1. It is confusing to see this new method contrasted with Hohmann transfer orbit like this. This article implies that the overall transfer method is substantially different, and more fuel efficient than the Hohmann transfer, when this is not the case. The description of the new method “which would involve sending the spacecraft out ahead of Mars’ orbital path and then waiting for Mars to come on by and scoop it up” would equally apply to the Hohmann transfer. Additionally, a Hohmann transfer represents the lowest possible delta-V between two planets. From what I can understand of the article, this method focuses on fine-tuning the approach to cut the capture delta-V into certain high orbits. However the injection burn still basically resembles that of a Hohmann transfer, and from what I can understand, it still doesn’t offer delta-V savings to the surface or low orbit. It looks like a clever way to cut fuel and expand the launch window for high orbits, but not a revolution in how we get to mars.

    1. Hohmann Transfer orbits are *not* the lowest possible energy transfer orbits. There are numerous (almost countless) other transfer orbits that are lower energy. Hohmann orbits are actually one of the higher energy transfer orbits.

      Hohmann orbits are one of the lowest energy ***direct*** transfer orbits. This “new” orbit, however, results in about 25% less fuel expended (or a fair bit more payload if that’s the way you want to go), and is a direct transfer orbit as well. It’s a bit slower than a Hohman Transfer Orbit, though.

      The reason for this is simple: on a Hohmann transfer orbit you shoot for where the planet is going to be, and then catch up to it. You have to go faster than the planet is in order to catch up to it, so you have to expend fuel to slow down when you get there. Once you slow down enough, you are captured by the planet’s gravity in an elliptical orbit with a low periapsis (perimartian?). You can then circularize and lower your orbit as needed, if you have enough fuel left in reserve. Some probes, like India’s MOM probe, don’t bother with that last step, due to the high fuel requirements. They cannot, however, do as much science from their high, highly elliptical orbits.

      The “new” (actually almost 3 decades old, but never applied to Mars before) method is a bit different. Instead of aiming where the planet is going to be, then blasting off faster than the planet to catch up to it (like you do with a direct transfer orbit), you instead aim way ahead of where the planet is going to be, go ever so slightly slower than the planet goes, and wait for it to catch up to you. Because your speed is just slightly slower than that of the planet, you are “sling-shotted” away from the planet. But if you do it *juuuuust* right, you only receive enough of a speed boost to kick you into orbit around the planet. No fuel is expended during approach and capture, unlike a Hohmann Transfer Orbit. You still have to lower and circularize your orbit (which actually takes a bit more fuel due to the wonkier orbit you find yourself in), but you’re still *way* better off than you are with a Hohmann Transfer Orbit.

      The downside? It takes a minimum of ~8 months to enter Mars orbit as opposed to 6 with a Hohmann orbit, and you also lose your free-return possibility. But you use 25% less fuel for a given payload, so you can either save money, or launch way more payload for the same amount of money:).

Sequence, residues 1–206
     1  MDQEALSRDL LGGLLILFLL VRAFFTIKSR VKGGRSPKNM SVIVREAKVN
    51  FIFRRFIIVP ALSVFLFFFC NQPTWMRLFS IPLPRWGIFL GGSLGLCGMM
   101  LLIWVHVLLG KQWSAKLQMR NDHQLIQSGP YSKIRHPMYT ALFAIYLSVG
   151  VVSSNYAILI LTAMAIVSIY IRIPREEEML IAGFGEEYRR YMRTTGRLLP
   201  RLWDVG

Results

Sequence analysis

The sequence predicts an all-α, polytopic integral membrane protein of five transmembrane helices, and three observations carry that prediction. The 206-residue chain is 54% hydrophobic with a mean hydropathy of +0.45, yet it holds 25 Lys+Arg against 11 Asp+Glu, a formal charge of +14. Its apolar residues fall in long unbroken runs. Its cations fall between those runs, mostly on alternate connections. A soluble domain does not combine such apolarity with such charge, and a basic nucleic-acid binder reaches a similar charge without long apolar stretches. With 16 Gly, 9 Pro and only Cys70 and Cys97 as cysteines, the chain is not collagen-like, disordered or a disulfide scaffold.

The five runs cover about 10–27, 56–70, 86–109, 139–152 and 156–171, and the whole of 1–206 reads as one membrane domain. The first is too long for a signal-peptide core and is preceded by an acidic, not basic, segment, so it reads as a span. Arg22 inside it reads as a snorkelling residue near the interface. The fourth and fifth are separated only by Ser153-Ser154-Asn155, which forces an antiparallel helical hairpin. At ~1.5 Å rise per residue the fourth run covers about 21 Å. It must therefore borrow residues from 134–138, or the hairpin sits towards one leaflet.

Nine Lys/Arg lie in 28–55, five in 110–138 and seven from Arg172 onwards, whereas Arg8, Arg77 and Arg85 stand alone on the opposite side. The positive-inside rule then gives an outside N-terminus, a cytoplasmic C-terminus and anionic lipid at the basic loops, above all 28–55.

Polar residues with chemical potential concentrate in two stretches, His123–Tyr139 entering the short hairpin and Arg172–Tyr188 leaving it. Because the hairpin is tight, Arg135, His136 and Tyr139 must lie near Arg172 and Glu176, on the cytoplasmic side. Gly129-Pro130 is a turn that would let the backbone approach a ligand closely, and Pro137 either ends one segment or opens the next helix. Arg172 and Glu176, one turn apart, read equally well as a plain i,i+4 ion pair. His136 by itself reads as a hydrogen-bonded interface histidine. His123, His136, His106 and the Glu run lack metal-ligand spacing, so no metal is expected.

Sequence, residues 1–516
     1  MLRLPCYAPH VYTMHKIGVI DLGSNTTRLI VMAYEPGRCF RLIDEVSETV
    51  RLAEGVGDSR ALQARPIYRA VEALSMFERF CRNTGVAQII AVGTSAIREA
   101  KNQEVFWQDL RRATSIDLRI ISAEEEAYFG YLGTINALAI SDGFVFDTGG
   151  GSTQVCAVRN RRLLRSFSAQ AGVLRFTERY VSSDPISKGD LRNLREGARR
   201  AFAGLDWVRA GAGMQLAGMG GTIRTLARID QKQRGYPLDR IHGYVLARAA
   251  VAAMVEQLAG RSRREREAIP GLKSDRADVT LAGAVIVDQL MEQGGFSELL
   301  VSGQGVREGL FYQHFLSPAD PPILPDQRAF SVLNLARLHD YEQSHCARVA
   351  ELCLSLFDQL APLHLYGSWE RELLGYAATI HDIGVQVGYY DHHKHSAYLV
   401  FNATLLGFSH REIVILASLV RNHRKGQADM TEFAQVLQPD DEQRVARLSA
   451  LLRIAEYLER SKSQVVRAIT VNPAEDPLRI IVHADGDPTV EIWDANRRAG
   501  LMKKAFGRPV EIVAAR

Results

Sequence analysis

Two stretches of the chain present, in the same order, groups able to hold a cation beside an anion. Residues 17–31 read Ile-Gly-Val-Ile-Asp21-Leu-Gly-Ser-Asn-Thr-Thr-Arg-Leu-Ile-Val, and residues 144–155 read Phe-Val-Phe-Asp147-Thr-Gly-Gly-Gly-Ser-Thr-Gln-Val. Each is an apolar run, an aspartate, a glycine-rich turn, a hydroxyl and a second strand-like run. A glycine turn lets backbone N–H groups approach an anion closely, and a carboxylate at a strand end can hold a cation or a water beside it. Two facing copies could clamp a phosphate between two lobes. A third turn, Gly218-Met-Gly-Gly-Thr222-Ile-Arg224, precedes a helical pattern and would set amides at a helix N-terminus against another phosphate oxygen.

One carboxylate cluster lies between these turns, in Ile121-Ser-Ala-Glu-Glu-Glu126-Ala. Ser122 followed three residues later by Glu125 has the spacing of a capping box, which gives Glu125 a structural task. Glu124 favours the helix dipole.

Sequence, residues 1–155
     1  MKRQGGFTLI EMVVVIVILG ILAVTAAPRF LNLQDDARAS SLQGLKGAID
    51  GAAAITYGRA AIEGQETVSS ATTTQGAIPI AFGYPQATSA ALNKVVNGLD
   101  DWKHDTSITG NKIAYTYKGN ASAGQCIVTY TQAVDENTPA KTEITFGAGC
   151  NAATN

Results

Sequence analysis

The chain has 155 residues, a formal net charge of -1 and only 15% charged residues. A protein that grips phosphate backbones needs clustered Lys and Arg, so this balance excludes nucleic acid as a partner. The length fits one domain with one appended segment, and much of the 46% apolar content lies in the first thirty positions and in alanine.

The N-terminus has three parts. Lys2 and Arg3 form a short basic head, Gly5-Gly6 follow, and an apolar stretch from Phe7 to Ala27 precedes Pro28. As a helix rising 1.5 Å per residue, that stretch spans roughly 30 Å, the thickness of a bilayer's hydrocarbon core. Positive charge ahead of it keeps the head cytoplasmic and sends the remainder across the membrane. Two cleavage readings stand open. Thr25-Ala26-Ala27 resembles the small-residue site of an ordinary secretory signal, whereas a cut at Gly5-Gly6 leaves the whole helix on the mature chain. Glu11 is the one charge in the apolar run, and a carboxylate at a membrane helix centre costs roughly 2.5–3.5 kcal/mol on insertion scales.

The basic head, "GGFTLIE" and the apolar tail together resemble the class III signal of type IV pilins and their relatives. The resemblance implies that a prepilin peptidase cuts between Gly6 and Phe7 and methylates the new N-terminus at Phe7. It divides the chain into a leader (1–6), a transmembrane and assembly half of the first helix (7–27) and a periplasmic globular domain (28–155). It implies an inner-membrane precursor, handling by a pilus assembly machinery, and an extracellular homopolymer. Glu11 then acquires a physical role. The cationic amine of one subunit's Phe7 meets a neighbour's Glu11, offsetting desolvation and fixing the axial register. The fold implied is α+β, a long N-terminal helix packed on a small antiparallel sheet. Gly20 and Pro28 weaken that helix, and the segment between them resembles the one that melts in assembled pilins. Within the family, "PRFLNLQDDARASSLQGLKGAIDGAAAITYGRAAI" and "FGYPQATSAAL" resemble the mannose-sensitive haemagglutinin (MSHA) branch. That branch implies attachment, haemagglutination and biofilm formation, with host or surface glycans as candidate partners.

1. Gopher65: I appreciate your more detailed description of this method, but I have to disagree with your description of the Hohmann transfer: in a standard Hohmann transfer to a planet more distant than the sun, you arrive at the rendezvous point going slower than the target planet, which approaches from behind, just as with the newer approach. The difference, it seems, is in the details of that approach, the Hohmann transfer aiming nearly at the planet and this new approach dallying farther out. However, the benefits seem limited to more distant target orbits, table 2 in the paper seems to confirm this. There is much in this paper that is beyond me, but that’s my reading of it, let me know if you think I’m misinterpreting their conclusions.

      2. Hmmm. Not sure what I was thinking with the Hohmann. Let me think on that for a while.

        Couple points though:

        1) One of the biggest strengths of a Hohmann Transfer Orbit to Mars is that if you fail to fire thrusters and slow down as you approach the planet, you end up on a “free return” path to Earth. This is great for unpowered (or low power) aborts. However, one of the greatest weaknesses of the Hohmann Transfer Orbit is that you need to fire thrusters to slow down at the planet:P. Not only does this add complexity to the mission (it adds another potential point of failure), but it adds to the fuel reserves needed.

        2) The “new” method was actually originally developed for use to go to the moon. For some reason they had difficulty working out the math of how it would work with any other object, so it was never used for anything but low energy Lunar transfers. The reason it’s “new” is that they’ve figured out how to make it work with bodies other than Luna.

  2. The reference to Belbruno and the Hiten mission suggests this is really a kind of Interplanetary Transport Network manoeuvre, see:

    The idea is hardly revolutionary in concept, though it does contrast with a Hohmann transfer, in being much more fuel efficient but taking a heck of a lot longer to achieve (like years, if not decades, longer). Seems an unlikely option for a manned mission.

  3. golpher65, your comment, “…you also lose your free-return possibility.” makes the Hohmann Transfer Orbit MUCH more attractive of the two transfer orbits. Say that you are going there and 3/4 the way into the mission a planetary dust storm erupts, ruling out known atmospheric entry and landing options. Do you stay in orbit around Mars waiting for it to clear? How long can you wait before the mission is compromised by volatiles consumption?